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Thursday, February 26, 2009

The solution

When on a quiet night on a quiet door I often find myself consulting my colleagues about various problems. Some personal, some political and most often social problems.
I believe I have found the solution to criminality.
How to stop criminal behaviour impacting upon the non-criminal.
I know rational members of the bar attempt to get it right, judging each case on its merits and obeying the sentencing guidelines.
The basic problem is the vast majority of crimes being committed by a small criminal minority who see crime and offending as a way of life. The law tries to be blind. Each cheap suited defendant could be up for the sole excursion beyond legality in their life or the umpteenth time they've been caught amongst the innumerable times they've acted criminally. When they've pushed a drunk over or nicked a few cheap clothes its only a minor offence. The maximum sentence will be puny, the reductions for guilty pleas, however late in the days play, takes that down further. The serve a third, probation a third for the inevitable not notably bad behaviour means they're back out bright and early.
For most folks who get a criminal record, it's a one off or part of a short period of poor behaviour, reality kicks in, rationality kicks in and reasoning about future prospects kick in. The system works, the sanction proves effective.
For the minority who don't kick in, the offending continues. They collect hundreds/thousands of offences. They are performing the vast majority of crimes committed. The public is suffering this directly and indirectly in too many ways to list. Insurance, retail prices, taxation, and deprivation of property are to name but a few.

The solution.

Cumulative sentencing. Clump offences into broad categories. Clock up an offence in any category. Serve all previous offences' sentences in that category after the latest one given by the courts.
Those who persist in drunken low level assaults, those who shoplift for a living, those commit fraud repeatedly, will in their own category get snowballed sentences.
Those who learn and quit, learn and quit. Those who don't could be facing longer and longer times away from the public unable to further offend.
It would also incentivise the police to pursue minor offences if they felt the offender would be away for a while instead of back out by lunch.

Your thoughts?

Thursday, February 19, 2009

Give Up

Thinking back about stuff as I near a decade of being paid to watch drunken muppets I realise how much stuff I've given up because of it.
There are a few ladies who didn't appreciate me always being sober and heading out the door at 9.30 every night. There are a few more who didn't appreciate me never having a weekend off so we could go and do something fun on a weekend. I've not had a good holiday in a very long time. I've been rude to more postmen than I really thought would cover one round.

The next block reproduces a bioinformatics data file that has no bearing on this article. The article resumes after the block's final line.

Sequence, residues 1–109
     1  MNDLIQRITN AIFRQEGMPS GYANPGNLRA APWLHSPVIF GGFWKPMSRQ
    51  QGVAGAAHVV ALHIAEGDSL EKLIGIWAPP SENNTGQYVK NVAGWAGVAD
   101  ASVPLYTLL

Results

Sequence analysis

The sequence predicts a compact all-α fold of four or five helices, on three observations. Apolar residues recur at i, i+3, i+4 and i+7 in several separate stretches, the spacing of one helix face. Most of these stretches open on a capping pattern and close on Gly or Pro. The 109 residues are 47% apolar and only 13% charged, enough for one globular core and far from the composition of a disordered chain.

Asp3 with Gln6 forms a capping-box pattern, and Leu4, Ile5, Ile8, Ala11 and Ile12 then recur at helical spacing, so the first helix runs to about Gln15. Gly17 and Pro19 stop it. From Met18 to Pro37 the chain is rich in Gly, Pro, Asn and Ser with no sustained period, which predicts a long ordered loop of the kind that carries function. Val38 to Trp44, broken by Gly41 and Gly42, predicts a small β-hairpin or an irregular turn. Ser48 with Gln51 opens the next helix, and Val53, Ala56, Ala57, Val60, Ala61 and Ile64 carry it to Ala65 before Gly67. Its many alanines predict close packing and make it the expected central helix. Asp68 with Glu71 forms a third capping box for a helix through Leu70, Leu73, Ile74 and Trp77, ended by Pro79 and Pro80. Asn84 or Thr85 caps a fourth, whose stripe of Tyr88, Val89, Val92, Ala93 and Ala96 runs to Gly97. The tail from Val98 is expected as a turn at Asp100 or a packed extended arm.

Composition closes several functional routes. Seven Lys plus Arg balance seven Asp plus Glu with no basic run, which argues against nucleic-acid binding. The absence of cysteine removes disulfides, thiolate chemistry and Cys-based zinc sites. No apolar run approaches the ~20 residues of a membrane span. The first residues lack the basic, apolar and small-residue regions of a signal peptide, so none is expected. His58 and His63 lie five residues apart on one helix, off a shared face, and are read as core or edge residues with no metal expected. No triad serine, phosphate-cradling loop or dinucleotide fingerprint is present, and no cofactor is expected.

I've gotten to know who works night shift at my 24hour tesco's from popping by at 4am to get my breakfast far too often. When I'm out on my rare nights off I still drift to the part of the room where I get the best view and tend to stand crossed arms tutting at the drunken young ones and keeping an eye on the tension building in that domestic or the rowdy buggers at the bar.
I miss watching a tv film that doesn't come from the world cinema selection with subtitles and a bemusing and harrowing plot.
I've missed a fair bit of stuff but every road taken excludes others. I've seen and done things others will never do. I've learnt more about myself and others than many will ever know or want to.

Sunday, February 15, 2009


After the lovely romantic event of valentines night I am once again amazed by the number of people who feel the need to share their domestic stresses in public. Like a certain type of person who feels the need to fight with their children in supermarkets there seem to be plenty who argue their personal issues in pubs and clubs and on the streets.
With the increasing honesty and emotional openness that comes with drink and the application of gentle stresses of decision making and social interactions that come from nights out and its time to stand back and watch the fireworks. Well it's seldom physical fireworks but the screaming and threatening do provide quite a bit of street theatre. It keeps from getting to bored as the large gaggles of drunken boys and girls tend to have a night off on valentines. I didn't have the night off but spent most of it telling rowing couples to quieten down or take it outside. They generally did and I didn't have to put on my marriage counsellor hat once. I did direct quite a few stroppy singletons to the station and the taxi ranks.
Got back to a poorly missus whose idea of romance is a warm body and box of soft tissues. Suits me just fine.

Thursday, February 05, 2009

Slip Sliding Away

It's been cold and icy and a little bit snowy 'round these parts of late. I know I've been standing out in it a fair bit. I've got a hat, big coat and heavy warm boots. I'm not trying to totter past in high heels after a few pints wearing a belt and best wishes to keep the cold out.
It's such fun to watch punters shivering and shuffling in with bright red frozen legs. Even more fun to watch them shuffle out, a little less steady on their feet, hitting the cold air and the now even harder iced streets. Then they slip, stumble and slide their way kebabward, then slip slide and stumble their way back taxiward all the while getting colder and in just about every case more bedraggled and bruised.
Ho hum, salt does really take the polish of my nice warm boots.